Last Saturday evening, I found myself pacing in my room. Next, my thoughts were racing, careening out of control. They were dominated by doom and gloom and worst-case scenarios, all flashing before my eyes. “Would this person be okay in their present predicament? Would that person die unexpectedly?” Then the uncontrollable crying started along with the thoughts that I have worked so hard to get rid of. The negative self-talk. The self-loathing. The hatred directed at me.
My heart raced. My breathing was shallow and ineffective.
All this angst culminated in a certainty that I was simply going completely insane, and thoughts of suicide were present. I wondered if I could drive myself to the emergency room at the hospital. Would I be okay behind the wheel of a car at that point? I was sure I was losing my mind.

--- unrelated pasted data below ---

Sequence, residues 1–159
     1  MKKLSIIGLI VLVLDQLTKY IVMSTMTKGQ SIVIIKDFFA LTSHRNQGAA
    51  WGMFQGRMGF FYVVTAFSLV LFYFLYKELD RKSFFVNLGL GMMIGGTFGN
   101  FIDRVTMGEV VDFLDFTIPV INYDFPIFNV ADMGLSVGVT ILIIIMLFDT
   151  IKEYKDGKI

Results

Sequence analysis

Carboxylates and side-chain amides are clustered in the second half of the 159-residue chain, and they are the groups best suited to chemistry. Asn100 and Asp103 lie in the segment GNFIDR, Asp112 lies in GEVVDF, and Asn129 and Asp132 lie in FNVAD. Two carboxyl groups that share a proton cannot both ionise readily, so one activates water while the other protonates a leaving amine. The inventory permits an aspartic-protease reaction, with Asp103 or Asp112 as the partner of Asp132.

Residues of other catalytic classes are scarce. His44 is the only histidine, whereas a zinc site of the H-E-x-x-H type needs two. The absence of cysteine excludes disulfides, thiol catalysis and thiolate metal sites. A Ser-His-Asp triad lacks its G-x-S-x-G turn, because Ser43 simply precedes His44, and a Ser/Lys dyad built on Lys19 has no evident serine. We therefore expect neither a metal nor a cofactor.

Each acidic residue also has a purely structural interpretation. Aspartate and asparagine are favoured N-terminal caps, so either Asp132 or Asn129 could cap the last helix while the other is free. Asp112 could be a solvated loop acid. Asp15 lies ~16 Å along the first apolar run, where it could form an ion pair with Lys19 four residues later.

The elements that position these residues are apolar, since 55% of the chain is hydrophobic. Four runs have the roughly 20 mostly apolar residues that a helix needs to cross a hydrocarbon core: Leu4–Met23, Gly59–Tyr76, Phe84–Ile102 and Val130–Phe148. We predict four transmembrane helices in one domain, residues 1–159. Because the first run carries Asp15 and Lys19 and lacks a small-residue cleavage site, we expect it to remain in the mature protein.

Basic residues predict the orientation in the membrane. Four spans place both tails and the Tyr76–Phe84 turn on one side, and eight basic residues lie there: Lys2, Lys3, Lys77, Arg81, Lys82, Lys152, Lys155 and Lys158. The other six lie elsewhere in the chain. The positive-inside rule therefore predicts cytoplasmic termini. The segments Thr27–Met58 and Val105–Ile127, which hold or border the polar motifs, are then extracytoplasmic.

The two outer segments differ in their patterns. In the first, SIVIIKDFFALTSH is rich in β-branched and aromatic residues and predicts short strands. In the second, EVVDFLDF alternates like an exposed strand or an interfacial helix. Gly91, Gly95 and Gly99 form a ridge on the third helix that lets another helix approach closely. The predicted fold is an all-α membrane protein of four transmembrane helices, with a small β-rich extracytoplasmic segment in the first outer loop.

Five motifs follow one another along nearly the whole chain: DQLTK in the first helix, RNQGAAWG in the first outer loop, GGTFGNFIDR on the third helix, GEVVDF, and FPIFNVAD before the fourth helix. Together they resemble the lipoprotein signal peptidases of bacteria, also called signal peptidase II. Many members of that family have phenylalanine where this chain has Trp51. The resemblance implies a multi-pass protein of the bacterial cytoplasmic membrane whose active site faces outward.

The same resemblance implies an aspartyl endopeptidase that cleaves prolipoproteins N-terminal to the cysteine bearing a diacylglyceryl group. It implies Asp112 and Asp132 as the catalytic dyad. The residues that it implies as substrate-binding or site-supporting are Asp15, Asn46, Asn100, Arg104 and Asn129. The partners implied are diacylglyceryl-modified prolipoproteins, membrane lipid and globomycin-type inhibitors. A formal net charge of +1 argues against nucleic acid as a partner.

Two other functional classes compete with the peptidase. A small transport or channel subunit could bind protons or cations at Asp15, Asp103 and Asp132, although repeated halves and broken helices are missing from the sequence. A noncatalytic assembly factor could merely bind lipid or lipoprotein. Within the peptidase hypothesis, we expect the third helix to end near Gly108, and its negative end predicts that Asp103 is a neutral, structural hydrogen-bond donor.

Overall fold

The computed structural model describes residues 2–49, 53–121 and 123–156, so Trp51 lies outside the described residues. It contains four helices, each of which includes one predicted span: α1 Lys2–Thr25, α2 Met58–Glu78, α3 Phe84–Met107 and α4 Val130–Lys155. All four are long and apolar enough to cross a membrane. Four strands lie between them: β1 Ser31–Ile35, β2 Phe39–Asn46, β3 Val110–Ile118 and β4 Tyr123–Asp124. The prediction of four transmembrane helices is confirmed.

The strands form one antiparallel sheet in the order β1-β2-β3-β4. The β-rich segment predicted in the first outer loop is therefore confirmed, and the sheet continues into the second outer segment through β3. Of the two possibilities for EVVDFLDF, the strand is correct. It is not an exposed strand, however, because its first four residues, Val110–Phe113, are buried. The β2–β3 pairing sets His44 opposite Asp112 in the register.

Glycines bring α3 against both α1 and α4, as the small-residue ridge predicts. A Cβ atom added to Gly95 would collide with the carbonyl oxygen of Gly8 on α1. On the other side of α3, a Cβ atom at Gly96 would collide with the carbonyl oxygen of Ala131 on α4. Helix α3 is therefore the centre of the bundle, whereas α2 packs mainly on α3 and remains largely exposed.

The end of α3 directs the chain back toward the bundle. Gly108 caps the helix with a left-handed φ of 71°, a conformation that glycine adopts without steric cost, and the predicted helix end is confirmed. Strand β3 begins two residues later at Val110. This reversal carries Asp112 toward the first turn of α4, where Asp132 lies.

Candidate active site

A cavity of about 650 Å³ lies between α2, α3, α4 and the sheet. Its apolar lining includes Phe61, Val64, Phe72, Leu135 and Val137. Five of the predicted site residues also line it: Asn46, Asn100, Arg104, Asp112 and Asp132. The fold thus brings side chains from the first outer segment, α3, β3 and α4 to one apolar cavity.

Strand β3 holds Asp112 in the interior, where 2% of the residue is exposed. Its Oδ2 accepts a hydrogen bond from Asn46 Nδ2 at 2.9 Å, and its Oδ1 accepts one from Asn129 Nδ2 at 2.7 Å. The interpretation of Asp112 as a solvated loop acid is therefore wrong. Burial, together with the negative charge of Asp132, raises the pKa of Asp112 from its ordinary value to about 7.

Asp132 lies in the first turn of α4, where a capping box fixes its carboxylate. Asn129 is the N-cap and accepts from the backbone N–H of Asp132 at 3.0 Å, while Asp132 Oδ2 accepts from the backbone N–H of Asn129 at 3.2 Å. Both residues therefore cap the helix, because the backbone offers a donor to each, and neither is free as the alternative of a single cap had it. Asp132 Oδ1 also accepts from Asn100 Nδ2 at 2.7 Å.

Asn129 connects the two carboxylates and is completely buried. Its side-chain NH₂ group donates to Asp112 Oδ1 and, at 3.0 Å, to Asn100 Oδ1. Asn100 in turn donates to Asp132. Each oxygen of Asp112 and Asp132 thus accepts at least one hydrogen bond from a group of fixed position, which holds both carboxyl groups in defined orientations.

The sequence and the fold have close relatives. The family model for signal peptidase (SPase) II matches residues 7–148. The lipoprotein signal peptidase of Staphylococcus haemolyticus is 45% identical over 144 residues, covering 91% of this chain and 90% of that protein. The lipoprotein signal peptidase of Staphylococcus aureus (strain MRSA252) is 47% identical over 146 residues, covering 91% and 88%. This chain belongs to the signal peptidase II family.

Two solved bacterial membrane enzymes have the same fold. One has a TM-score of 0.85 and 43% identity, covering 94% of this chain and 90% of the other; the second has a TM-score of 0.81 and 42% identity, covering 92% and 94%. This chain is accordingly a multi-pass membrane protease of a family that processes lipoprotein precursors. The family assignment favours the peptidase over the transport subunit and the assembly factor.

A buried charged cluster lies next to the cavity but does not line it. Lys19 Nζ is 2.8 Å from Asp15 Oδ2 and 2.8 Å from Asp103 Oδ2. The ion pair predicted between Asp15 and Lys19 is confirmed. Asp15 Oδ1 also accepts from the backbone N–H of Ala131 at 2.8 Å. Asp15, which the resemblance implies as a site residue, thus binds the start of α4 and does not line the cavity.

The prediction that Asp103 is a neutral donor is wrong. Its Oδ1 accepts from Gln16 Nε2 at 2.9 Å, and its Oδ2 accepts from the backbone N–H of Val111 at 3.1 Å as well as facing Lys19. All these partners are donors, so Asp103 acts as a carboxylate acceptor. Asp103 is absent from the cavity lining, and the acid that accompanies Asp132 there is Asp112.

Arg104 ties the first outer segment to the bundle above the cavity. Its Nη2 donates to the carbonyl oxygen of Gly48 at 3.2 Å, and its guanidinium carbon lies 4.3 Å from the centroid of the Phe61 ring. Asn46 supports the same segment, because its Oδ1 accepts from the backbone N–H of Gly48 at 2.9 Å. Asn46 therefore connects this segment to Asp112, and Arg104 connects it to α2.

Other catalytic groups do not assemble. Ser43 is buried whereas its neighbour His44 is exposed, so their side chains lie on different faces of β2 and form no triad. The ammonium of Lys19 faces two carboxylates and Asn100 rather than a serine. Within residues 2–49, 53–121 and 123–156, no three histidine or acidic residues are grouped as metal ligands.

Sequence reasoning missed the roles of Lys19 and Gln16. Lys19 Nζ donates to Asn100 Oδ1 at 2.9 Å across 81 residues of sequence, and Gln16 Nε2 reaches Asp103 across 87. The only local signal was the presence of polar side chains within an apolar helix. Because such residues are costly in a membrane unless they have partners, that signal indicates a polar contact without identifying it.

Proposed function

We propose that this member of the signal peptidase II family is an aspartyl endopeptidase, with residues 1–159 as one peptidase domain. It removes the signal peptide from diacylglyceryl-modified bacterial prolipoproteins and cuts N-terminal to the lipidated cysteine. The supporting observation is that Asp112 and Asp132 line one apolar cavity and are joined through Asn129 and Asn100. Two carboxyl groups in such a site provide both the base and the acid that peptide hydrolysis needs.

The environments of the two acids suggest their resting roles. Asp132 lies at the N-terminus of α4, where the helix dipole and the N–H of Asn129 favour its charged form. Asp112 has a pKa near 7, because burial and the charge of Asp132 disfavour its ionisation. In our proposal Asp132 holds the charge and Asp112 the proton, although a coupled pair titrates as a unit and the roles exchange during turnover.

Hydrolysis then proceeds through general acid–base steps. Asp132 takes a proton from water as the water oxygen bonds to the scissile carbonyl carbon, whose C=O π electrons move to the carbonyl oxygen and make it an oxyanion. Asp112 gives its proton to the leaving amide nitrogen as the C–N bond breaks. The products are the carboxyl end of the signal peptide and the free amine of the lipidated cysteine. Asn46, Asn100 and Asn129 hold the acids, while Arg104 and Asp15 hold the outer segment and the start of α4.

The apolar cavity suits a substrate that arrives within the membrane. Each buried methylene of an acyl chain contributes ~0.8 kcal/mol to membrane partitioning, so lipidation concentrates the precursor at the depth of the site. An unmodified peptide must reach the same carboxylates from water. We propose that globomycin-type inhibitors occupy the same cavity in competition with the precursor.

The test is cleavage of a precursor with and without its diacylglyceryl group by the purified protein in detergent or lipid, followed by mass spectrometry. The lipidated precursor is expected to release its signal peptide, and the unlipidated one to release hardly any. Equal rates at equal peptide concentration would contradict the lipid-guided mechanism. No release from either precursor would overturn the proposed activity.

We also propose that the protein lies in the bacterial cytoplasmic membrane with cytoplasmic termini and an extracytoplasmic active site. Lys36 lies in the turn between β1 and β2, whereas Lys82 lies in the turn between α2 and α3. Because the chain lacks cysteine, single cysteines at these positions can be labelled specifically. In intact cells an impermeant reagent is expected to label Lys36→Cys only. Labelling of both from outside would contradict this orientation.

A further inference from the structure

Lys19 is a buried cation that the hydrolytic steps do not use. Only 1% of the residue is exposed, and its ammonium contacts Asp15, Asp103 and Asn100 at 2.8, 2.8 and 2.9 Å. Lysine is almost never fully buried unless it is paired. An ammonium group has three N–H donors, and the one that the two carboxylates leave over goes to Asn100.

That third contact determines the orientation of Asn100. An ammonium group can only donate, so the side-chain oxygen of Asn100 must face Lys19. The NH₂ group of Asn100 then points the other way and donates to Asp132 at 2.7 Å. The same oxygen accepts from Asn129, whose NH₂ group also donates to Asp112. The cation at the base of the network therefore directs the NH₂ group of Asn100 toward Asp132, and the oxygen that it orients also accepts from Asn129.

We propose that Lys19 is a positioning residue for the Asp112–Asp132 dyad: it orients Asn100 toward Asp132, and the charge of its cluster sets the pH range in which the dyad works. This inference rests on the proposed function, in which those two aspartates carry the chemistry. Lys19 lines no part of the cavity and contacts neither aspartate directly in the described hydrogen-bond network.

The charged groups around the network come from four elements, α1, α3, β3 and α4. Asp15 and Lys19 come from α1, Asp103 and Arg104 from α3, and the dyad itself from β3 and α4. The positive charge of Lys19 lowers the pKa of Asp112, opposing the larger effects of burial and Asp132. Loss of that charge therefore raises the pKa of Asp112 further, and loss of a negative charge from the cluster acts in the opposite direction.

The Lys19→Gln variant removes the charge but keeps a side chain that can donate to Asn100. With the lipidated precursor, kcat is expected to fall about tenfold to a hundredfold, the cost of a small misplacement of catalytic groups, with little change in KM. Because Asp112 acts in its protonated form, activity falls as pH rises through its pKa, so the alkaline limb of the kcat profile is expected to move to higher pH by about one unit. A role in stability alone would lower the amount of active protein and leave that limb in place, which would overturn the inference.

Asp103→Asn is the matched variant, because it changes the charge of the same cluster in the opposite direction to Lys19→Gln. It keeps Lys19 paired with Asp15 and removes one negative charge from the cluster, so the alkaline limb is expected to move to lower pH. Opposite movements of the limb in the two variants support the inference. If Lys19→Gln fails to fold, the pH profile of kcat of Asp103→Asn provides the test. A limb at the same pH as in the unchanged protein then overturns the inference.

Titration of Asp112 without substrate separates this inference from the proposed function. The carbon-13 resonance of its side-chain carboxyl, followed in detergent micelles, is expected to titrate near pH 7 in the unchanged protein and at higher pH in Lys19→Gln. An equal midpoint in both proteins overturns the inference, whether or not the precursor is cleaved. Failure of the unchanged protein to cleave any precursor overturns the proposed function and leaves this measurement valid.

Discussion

“A panic attack” flashed across my mind. “I’m having a panic attack.” While this thought didn’t calm me, it gave me something to hold on to. It also gave me a way out. I knew what to do. I did a very quick guided visualization exercise that I use as meditation and gained a moment of quiet, which I used to walk to the bathroom for the medicine my doctor has given me for just such emergencies. I took one and went back to my room to wait.
I told my therapist about it today, and she was quite dismayed to hear the news. She said something I hadn’t thought of. She said, “You’re having to work too hard to feel good.” Having someone I trust explicitly means so much. Relief washed over me with those words. Someone else saw my hurt and acknowledged it. I didn’t feel judged or wrong in any way. I’m so lucky to have people in my life I can turn to at times like these.
I see my psychiatrist tomorrow, and I will tell him about the incident as well. Keeping all my caregivers up-to-date with all my symptoms is an important part of staying as healthy as I possibly can.